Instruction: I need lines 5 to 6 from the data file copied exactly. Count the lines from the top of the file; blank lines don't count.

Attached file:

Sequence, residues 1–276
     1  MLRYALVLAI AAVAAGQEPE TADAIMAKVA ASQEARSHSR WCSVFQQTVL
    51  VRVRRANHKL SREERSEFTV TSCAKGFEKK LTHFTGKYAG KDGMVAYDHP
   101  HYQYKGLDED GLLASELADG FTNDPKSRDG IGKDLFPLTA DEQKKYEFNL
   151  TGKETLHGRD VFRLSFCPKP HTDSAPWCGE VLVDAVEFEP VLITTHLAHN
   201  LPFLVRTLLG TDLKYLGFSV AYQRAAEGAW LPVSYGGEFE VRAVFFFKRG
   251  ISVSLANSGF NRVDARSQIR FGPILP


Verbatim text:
   151  TGKETLHGRD VFRLSFCPKP HTDSAPWCGE VLVDAVEFEP VLITTHLAHN
   201  LPFLVRTLLG TDLKYLGFSV AYQRAAEGAW LPVSYGGEFE VRAVFFFKRG